I’m perplexed as to what’s more exhilarating: the snow and ice slipping away — or the Maine National Guard’s 133rd Engineer Battalion staying put. It’s a real easy choice, huh?

My relationship with some members of the 133rd began Jan. 4, 2004. It was bitter cold morning. The community was invited to the Gardiner Armory to see the 133rd off to Iraq.

Nursing a cold, I’d overslept. But I awoke in time to race up to witness personnel boarding buses. I’d missed the official ceremony, but noticed a young sergeant standing alone on the side of the road. I stopped, walked over and extended a hand that morphed into hugging a complete stranger.

I was proud to create a calendar from 2006-2010 that raised thousands to benefit Maine families. Acquaintances I met during those years — including (former) Adjutant General Libby — remain friends today. That young sergeant is a now a 1st lieutenant — and has become the son I never had.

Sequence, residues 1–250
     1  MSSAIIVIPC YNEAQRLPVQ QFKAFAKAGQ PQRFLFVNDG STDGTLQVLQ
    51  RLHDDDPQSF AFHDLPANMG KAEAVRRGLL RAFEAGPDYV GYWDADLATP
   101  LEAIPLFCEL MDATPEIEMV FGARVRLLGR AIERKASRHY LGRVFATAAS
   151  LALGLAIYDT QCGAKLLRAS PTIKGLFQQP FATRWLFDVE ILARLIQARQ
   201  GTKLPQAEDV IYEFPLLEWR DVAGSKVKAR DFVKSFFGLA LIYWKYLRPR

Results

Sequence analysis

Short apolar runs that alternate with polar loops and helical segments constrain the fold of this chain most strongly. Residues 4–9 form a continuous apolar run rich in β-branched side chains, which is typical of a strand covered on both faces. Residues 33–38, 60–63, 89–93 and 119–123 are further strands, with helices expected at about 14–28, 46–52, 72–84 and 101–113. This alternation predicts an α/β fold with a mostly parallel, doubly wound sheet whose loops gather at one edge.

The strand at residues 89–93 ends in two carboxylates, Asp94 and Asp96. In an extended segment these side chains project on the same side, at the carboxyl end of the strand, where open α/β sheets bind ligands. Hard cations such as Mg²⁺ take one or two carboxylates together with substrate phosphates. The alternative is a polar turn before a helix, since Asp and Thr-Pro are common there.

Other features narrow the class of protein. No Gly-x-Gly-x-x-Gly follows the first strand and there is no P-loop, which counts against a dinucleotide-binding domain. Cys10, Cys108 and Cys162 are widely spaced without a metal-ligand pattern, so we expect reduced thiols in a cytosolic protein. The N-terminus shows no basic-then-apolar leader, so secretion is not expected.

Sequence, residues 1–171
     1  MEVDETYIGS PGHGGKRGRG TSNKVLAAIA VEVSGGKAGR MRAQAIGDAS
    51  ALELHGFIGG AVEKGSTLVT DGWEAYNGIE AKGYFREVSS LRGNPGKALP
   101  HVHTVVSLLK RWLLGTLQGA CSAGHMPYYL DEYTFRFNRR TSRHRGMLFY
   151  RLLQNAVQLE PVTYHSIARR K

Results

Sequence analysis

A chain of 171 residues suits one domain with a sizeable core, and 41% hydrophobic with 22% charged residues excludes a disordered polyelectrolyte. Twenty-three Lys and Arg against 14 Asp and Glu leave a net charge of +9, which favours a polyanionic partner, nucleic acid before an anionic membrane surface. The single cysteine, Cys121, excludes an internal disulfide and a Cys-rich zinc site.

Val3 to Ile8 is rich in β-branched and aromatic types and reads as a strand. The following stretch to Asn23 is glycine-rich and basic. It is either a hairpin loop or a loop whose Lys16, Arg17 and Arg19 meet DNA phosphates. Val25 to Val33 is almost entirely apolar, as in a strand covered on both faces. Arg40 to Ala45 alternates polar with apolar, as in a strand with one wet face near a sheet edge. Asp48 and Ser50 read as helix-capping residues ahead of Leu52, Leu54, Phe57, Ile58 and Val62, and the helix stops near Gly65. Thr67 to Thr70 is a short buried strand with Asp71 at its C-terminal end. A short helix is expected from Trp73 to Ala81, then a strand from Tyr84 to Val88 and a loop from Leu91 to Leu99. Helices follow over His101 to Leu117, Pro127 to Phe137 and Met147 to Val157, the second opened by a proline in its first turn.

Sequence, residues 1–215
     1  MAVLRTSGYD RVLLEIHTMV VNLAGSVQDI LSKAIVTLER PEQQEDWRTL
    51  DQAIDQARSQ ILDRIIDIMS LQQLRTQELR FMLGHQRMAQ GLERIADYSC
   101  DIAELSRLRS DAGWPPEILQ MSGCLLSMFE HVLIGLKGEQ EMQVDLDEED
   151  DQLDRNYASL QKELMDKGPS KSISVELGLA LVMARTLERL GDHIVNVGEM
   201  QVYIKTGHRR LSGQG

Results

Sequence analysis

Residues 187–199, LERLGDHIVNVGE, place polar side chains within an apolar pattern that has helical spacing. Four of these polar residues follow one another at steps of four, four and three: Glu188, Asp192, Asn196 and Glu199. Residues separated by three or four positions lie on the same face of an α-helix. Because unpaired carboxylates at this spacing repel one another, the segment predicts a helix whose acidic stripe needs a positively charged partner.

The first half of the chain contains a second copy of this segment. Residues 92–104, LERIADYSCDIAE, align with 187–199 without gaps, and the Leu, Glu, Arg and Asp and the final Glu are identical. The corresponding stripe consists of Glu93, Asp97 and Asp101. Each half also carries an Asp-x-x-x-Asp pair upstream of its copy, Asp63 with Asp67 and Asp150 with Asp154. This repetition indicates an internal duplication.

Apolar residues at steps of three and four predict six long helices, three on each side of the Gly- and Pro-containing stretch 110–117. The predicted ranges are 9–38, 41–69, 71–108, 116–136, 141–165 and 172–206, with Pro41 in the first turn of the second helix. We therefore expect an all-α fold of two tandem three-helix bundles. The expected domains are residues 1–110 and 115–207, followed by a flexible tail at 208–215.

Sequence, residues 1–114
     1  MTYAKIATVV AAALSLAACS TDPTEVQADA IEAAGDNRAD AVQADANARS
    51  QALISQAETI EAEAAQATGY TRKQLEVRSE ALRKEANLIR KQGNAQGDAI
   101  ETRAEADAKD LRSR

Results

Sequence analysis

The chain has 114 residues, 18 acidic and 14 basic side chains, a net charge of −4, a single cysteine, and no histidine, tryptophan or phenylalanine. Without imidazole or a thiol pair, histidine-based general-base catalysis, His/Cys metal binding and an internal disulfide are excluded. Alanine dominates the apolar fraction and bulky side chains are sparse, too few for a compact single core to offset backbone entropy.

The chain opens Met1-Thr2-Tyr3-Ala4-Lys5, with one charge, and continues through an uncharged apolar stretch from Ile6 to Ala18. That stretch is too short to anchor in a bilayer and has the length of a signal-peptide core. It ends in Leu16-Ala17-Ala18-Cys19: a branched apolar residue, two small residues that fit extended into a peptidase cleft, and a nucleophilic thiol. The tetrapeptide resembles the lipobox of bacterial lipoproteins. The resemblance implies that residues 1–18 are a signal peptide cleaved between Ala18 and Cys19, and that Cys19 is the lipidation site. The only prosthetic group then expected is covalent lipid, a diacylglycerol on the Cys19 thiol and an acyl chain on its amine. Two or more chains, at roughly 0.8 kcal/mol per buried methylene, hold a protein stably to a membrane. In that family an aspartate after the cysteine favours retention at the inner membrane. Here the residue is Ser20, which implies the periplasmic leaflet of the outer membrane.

I came to realize you can “hate the war — love the veteran.” I was certainly no advocate of anyone, going anywhere, in 2004. Or today. Like Showhegan’s 136th Engineer group that won’t be going to Kuwait after all. Didn’t we already see that movie?

In the flurry of recent National Guard news, the 133rd’s long and distinguished history of service was noted, including many community projects providing cultural and recreational opportunities for everyone. Public parks, ballfields — and more — benefiting everyone in Maine. Hoo-ah!

During these troubled times where, among other issues, municipal revenue sharing is on weak and shifting sand, it’s comforting to know that the solid foundation that is the 133rd Engineer Battalion is home. And in more ways than one — “for good.”

Buddy Doyle

Gardiner


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